The concept of the waystation could be extended from cislunar
space to Mars or elsewhere in the solar system, as needed.
(credit: J. Strickland)

Cislunar transportation: the space trucking system

by John K. Strickland
Monday, January 21, 2013

All along our interstate and other major roads, we have truck stops designed to service and refuel large trucks. The space equivalent we really need is the waystation.

Many people wonder what all the fuss is all about when they keep hearing the phrase “cislunar architecture.” Many of us are using the phrase to refer to what is essentially a space trucking system, with the equivalent of truck stops and cargo loading yards (freight terminals). Lets use the trucking analogy to explain what we are talking about.

You do not use an expensive truck to carry a load just a single time, and then immediately send the truck to the junkyard to be scrapped. Trucking businesses could not operate this way. Some truck cab and trailer combinations today are probably worth close to a quarter million dollars new. Some cabs alone are close to $100,000 used. Most of the current rockets used today cost over $100 million, so large rockets can be up to 1,000 times more valuable than a tractor-trailer, yet all of them smash into the ocean or desert and become scrap metal after just one flight.

For rockets that take off from the ground, one obvious way to allow re-use is for them to land on the ground intact. SpaceX and some other companies are trying to do just that. Quite a few rockets have now accomplished short flights and landed again safely. Without wings, the landings must be vertical. Re-use with a vertical landing was first done by the DC-X at White Sands on September 11, 1993.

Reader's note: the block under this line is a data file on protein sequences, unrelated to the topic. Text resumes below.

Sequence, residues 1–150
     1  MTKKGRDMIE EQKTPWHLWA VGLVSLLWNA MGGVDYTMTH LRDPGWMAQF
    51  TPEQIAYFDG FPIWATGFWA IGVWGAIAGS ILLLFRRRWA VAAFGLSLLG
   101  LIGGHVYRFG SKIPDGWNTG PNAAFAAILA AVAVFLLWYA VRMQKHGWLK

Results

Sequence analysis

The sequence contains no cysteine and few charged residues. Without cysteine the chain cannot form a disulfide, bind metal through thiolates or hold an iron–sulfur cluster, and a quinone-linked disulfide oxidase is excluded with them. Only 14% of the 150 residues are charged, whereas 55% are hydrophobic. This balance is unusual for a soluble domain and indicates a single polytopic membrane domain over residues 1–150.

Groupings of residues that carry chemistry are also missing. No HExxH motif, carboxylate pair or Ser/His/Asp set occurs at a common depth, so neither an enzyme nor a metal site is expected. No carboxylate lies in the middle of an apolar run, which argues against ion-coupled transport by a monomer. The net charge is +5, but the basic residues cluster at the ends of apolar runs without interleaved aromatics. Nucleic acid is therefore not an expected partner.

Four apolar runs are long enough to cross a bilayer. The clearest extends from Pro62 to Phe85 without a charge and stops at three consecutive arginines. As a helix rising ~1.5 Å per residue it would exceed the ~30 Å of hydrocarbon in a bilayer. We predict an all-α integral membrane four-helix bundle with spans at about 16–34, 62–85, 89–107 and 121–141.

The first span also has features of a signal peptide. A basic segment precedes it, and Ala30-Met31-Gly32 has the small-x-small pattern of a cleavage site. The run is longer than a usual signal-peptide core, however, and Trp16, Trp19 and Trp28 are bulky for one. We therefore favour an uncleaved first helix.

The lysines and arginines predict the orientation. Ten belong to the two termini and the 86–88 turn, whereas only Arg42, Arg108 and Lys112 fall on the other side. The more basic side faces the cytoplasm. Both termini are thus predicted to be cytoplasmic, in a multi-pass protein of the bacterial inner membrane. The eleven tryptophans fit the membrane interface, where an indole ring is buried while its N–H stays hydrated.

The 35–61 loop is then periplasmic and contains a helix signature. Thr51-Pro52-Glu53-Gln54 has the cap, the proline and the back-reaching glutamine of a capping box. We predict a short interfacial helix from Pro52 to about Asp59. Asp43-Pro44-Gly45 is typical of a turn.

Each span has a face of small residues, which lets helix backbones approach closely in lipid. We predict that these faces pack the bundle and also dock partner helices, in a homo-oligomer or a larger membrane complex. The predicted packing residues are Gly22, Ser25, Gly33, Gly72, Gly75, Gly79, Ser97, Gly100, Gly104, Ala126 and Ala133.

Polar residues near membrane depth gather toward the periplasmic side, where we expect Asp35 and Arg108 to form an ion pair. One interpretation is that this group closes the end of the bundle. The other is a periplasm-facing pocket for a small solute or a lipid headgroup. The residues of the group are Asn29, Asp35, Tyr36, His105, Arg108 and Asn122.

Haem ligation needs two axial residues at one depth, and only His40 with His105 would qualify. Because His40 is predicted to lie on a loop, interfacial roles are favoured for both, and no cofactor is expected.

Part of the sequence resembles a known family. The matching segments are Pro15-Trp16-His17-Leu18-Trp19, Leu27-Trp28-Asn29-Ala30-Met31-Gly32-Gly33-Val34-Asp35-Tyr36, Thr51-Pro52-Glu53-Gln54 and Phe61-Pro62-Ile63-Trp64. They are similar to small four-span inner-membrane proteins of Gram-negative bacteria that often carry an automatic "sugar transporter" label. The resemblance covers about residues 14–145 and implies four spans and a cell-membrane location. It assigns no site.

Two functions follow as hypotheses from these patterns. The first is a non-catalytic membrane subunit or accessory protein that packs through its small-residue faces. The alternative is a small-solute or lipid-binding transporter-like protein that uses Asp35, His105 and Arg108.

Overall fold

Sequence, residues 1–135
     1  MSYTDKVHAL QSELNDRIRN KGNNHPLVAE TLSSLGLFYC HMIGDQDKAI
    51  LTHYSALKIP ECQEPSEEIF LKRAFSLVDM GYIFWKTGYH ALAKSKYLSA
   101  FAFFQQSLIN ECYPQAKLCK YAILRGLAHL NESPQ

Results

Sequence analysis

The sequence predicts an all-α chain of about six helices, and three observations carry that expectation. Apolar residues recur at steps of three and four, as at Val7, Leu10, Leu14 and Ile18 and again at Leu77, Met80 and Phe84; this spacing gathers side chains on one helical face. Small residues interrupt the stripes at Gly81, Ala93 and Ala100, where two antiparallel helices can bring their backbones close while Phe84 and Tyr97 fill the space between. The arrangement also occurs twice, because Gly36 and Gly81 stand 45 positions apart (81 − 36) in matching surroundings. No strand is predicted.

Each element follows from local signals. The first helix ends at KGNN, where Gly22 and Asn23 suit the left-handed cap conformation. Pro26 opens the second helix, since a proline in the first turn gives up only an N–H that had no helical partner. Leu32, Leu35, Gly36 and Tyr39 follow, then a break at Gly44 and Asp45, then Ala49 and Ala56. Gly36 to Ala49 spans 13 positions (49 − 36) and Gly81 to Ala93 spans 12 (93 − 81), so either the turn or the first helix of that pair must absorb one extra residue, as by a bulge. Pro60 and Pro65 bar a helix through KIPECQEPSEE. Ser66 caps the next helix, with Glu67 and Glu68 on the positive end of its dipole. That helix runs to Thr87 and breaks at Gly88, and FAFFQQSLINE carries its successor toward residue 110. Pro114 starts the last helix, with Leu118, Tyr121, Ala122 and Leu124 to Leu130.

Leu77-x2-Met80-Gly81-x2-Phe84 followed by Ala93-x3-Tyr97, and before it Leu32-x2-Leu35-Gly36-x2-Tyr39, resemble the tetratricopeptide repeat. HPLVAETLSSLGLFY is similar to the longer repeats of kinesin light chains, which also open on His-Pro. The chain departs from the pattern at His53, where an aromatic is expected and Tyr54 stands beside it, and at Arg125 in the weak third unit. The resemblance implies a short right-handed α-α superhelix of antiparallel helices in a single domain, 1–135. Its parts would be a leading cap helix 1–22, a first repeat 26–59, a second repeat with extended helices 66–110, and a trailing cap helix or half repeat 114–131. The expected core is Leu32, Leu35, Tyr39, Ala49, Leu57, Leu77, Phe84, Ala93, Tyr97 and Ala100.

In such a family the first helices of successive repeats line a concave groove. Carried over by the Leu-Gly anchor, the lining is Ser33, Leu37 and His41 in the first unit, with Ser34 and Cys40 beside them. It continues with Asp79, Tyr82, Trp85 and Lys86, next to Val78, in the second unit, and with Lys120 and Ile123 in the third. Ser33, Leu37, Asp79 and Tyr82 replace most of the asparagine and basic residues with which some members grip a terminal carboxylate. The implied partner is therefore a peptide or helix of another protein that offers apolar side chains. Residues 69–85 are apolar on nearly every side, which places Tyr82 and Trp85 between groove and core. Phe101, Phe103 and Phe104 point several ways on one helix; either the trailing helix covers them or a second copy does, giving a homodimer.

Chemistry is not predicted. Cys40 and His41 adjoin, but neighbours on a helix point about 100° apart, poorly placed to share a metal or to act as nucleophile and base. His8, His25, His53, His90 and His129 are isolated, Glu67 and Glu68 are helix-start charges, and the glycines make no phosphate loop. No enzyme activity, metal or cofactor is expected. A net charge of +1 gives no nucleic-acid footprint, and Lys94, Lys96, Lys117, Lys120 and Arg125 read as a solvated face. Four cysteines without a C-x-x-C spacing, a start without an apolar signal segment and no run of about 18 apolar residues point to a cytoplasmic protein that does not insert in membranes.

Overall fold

For rocket vehicles in space, the problem is different. We do not want to bring the vehicle back to the ground to refuel, since it is extremely costly to get it up into space in the first place. Once it is in orbit, we want to be able to re-use that vehicle in space over and over again.

However, there is currently no fuel supply or “space gas station” in space where such a vehicle could refuel. After all, what good is a truck without fuel? What good would the Interstate routes be without gas stations? When we refer generically to space “fuel”, we usually mean two propellants: a real combustible fuel such as hydrogen or kerosene, and an oxidizer like oxygen.

Read more: The Space Review: Cislunar transportation: the space trucking system.

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